Drone footage shows spectacular view of ghost town frozen in time
Striking images from the Arctic offer a rare glimpse into a deserted coal-mining town from the Soviet era, showing what it looks like when people leave and Mother Nature takes over.
These abandoned buildings in the old coal-mining town of Vorkuta in the Komi Republic, Russia, were covered in snow on March 6, 2021.
Situated in the frozen tundra just north of the Arctic Circle, an abandoned mining city in northwest Russia appeared to be frozen in time with homes invaded by ice, buildings blanketed by snow and intricate icicles hanging from chandeliers.
Drone footage and striking images shot in March 2021 show aerial and up-close views of the eerie landscape where buildings and vehicles were left camouflaged in snow as far as the eye could see following recent brutally cold temperatures.
Temperatures that plunge as low as minus-60 degrees Fahrenheit aren’t uncommon in the coldest winter months for this once-thriving coal-mining city called Vorkuta.
Every winter, the snow and ice take over what used to be people’s dining rooms, living rooms and bedrooms in Soviet-era housing blocks. To see how this extreme weather has taken its toll on the scores of these once-lavish abandoned structures, Moscow-based photographer Maria Passer traveled to the deserted, ice-covered region and captured a trove of incredible one-of-a-kind images.
Vorkuta was once a flourishing city, although the genesis for how the hundreds of thousands came to settle there over the years is a disturbing part of its history. Prisoners were forced to mine the region for coal from the 1930s to 1950s. At its peak, the city had 13 functional mines, according to Radio Free Europe/Radio Liberty. After Josef Stalin's death in 1953, thousands of ex-prisoners under the brutal Gulag system were released, and officials in Vorkuta were left with the daunting task of replacing the mining workforce.
"To attract miners to live in hard climate conditions, the salaries here were really good," Passer told CNN Travel.
People moved from across the USSR to the area for mining jobs in the later years of the Soviet Union, CNN reported.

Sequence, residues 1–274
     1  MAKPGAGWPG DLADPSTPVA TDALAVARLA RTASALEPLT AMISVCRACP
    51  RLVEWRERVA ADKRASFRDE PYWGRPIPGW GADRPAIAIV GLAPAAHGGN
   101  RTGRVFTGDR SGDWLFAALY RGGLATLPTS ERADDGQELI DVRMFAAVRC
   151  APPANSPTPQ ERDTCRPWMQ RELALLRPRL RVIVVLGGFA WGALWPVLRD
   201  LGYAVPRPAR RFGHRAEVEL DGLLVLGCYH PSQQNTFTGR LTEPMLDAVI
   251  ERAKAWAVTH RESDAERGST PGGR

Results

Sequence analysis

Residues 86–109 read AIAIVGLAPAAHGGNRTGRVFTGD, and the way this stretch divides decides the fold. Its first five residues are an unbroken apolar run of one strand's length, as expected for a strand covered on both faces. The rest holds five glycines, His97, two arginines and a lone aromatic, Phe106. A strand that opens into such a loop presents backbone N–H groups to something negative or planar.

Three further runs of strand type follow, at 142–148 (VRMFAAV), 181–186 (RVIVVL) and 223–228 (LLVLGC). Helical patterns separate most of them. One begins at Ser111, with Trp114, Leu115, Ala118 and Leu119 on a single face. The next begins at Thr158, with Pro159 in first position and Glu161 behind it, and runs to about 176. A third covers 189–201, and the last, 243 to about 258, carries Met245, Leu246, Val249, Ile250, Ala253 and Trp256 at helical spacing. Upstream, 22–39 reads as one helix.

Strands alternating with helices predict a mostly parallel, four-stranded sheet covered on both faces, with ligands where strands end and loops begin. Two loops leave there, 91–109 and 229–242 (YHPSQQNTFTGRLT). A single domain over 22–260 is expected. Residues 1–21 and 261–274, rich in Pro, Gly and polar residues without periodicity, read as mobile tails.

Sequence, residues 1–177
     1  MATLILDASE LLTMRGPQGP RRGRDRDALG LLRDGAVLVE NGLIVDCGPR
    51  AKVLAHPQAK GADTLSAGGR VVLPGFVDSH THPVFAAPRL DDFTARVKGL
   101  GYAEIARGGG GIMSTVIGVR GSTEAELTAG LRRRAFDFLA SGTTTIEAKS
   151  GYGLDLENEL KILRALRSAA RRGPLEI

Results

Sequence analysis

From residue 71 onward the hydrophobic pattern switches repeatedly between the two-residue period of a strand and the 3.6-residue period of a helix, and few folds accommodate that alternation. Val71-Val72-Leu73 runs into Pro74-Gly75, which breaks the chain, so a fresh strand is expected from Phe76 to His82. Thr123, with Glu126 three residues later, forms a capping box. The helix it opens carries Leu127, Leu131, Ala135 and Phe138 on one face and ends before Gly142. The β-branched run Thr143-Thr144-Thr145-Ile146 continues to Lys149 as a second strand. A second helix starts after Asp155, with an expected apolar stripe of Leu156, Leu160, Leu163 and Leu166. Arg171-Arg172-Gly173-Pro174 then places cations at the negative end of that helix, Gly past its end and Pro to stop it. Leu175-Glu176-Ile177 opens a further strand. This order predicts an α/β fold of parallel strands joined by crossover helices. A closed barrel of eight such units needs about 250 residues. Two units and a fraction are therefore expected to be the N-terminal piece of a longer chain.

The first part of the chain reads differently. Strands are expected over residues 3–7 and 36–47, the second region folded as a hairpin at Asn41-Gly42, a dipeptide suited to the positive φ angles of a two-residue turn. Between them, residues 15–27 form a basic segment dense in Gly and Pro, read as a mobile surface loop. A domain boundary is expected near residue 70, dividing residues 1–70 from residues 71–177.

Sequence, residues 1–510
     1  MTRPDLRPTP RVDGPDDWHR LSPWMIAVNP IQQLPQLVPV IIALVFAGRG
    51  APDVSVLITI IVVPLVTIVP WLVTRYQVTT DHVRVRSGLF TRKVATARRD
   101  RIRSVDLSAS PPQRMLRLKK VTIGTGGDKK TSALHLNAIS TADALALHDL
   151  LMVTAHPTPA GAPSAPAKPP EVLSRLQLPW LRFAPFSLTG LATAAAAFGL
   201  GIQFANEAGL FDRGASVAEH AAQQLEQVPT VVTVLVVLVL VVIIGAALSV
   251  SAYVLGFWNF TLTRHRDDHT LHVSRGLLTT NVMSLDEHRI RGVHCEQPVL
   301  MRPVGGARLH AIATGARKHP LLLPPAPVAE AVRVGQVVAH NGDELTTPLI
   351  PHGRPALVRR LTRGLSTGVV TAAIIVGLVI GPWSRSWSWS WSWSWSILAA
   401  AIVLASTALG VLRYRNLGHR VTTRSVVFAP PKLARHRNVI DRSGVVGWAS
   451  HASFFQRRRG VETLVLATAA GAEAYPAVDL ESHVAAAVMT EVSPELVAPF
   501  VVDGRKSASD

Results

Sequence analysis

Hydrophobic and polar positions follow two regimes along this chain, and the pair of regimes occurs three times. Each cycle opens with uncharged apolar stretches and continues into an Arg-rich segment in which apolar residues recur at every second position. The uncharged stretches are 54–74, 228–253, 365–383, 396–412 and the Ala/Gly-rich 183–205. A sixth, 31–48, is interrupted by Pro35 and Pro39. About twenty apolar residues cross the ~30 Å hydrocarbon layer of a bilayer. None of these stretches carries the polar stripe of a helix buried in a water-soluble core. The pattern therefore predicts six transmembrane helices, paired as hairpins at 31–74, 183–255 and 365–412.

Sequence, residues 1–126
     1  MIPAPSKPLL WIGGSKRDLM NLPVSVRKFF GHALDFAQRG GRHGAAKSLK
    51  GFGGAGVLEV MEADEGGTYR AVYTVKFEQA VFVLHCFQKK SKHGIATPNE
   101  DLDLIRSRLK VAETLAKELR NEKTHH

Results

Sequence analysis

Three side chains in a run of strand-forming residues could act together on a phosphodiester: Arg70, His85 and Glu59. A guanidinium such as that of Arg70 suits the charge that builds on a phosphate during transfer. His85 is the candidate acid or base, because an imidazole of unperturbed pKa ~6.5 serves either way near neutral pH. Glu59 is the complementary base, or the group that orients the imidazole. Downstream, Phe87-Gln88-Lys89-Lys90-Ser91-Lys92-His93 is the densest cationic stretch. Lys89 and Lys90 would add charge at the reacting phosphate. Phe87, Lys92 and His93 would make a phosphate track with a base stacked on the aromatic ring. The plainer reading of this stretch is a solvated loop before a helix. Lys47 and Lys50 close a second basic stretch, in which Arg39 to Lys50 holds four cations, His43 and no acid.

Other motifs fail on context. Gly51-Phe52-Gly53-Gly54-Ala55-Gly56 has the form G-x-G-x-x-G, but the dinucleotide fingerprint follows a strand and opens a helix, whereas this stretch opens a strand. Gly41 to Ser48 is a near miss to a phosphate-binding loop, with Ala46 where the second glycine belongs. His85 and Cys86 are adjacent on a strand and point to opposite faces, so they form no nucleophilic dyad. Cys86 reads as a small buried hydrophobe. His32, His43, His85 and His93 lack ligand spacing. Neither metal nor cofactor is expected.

Decades later, with the collapse of the Soviet Union and eventual shuttering of most of the coal mines, unemployment and extremely cold weather caused many to leave, turning some of these communities into ghost towns. A former "metropolis" that once boasted a population of nearly 250,000 in the 1980s, this dwindling remote area of Russia is now home to fewer than 60,000 people -- and four remaining mines.
"It's really a tragedy that many people have to leave their houses and to go to live somewhere else," Passer said in an interview with CNN Travel. “But these locations, they have an abandoned beauty. I'm trying to see this, and to show this, in my pictures."
Passer spent three weeks in early 2021 photographing ghost towns and villages around Vorkuta, according to CNN.
AccuWeather Meteorologist Adam Douty said the conditions depicted in the images is an extreme case of hoar frost, when a grayish-white crystalline deposit of frozen water vapor form in clear still weather on vegetation and structures, among other things.
“The area sees a large amount of snow compared to other parts of Siberia. This means that there can be higher amounts of moisture in the air, which can freeze to surfaces. This is most likely what creates the ice on all of the abandoned structures,” Douty said.
According to Douty, if any moisture comes into contact with the sub-freezing surfaces, ice crystals, such as the ones pictured, will form.
“As far as the ice and snow getting into the buildings, it looks like many of the windows are broken or removed which would be an easy access point. Even small cracks in the walls would let in moisture during snowstorms, and even snow can blow through these little cracks,” Douty said.
The area has been below freezing since early November 2020, barring four days that rose just above freezing for a few hours.
“Climatologically, the area sees temperatures remain below freezing until April or May, on average, so the ice and snow will likely not melt anytime soon," Douty said. "During the heart of winter, temperatures can dip as low as 60 degrees below zero, but daily high temperatures average more consistently around 0 degrees.”
Passer told CNN that she hopes her photographs shine a light on life in that corner of the world.
"When I explored this iced building, I had two thoughts: 'Oh my gosh! It's disastrous' and 'Oh my gosh, it's breathtaking!'"
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